The perception of a core Jewish culture, albeit with multiple expressions, was necessary for the success of the Zionist project. Among those taking the lead in reifying it were Jewish Studies programs established in the post war years at many of the country’s most prestigious universities.  Wikipedia identifies thirty two of these which are often augmented by cultural centers sponsoring events, conferences, films and concerts promoting “Jewish life” on campus.  The Klezmer revival was nurtured by these as it was by non-academic institutions such as the Lowell Milken Archive for Jewish Music formed with the objective “to preserve and disseminate music related to the American Jewish experience, . . . encourage academic research . . .  as well as encourage the performance of American Jewish music.”  The organization specifically references its support of both David Krakauer and John Zorn and their role in the downtown Manhattan “radical Jewish culture” movement as well as Klezmer influenced works by composers Paul Schoenfeld, Robert Starer and Yehudi Wyner.

In this light, Klezmer can seen as one wing of the broader project of Jewish self-definition and as among its most successful.  Sons and grandsons of Jews who, like my father, would have dismissed Klezmer as vulgar and entirely foreign to their identities as modern, liberal and enlightened now embraced it in the concert hall, in movie soundtracks, in jazz clubs and at their weddings and bar mitzvahs dancing the hora as if they were characters in Fiddler on the Roof.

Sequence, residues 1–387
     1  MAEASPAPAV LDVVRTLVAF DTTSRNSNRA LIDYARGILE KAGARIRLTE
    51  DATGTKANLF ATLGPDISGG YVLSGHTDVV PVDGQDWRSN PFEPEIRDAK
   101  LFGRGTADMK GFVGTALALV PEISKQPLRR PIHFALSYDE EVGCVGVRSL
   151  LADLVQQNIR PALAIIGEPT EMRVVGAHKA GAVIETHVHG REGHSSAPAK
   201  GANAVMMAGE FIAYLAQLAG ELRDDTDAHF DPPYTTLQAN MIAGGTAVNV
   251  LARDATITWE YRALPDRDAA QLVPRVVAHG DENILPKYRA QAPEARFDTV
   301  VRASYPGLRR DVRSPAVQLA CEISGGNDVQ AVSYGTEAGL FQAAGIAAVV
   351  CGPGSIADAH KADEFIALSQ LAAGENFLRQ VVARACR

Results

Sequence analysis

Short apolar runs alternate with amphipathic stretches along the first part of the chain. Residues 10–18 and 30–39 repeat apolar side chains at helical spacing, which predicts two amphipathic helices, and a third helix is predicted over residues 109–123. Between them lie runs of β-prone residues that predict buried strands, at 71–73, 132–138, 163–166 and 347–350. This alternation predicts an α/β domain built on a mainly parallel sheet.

In addition to helping to address the centrifugual tendencies in Judaism itself the popularity of Klezmer also served a related purpose: to humanize and make palatable an ultra-orthodox shtetl culture which was not only backward and impoverished but also deeply strange and alien not only to Jews but even more so to non-Jews. The rabbinically enforced adherence to Talmudic law in ultra-orthodox neighborhoods in Israel is now only with great difficultly seen as belonging to a shared Judeo-Christian culture. More significantly, the enforced rigid separation of the sexes, forbidding of secular literature and suspicion of outsiders bears a much closer relationship to reviled theocratic states such as Saudi Arabia than Western liberal democracies.  For this reason, the ultra-orthodox were a liability in attempts by Zionists to portray a Jewish state meriting of the financial and military support of the western powers.

By celebrating the music of the shtetl culture, Klezmer not only softens what would appear to be repressive and forbidding aspects of the ultra-orthodox, it succeeds in turning them on their head.  The charismatic gesticulations accompanying Hasidic Torah recitations, not much less bizarre than the snake handling and speaking in tongues of a backwoods evangelical, become aestheticized as impassioned virtuosic pyrotechnics in Golijov’s Isaac the Blind.  The nigunim (prayer songs) take on a neutral identity as secular earworms when recontextualized in Steve Reich’s Tehillim. The skull caps, forelocks, scraggly beards and black cloaks of Hasidism appear not as they were intended, as antithetical and/or hostile to what initiates regards as a secular, decadent West, but, when paraded on stage by the Klezmatics, as hipster alternative fashion statements. (3)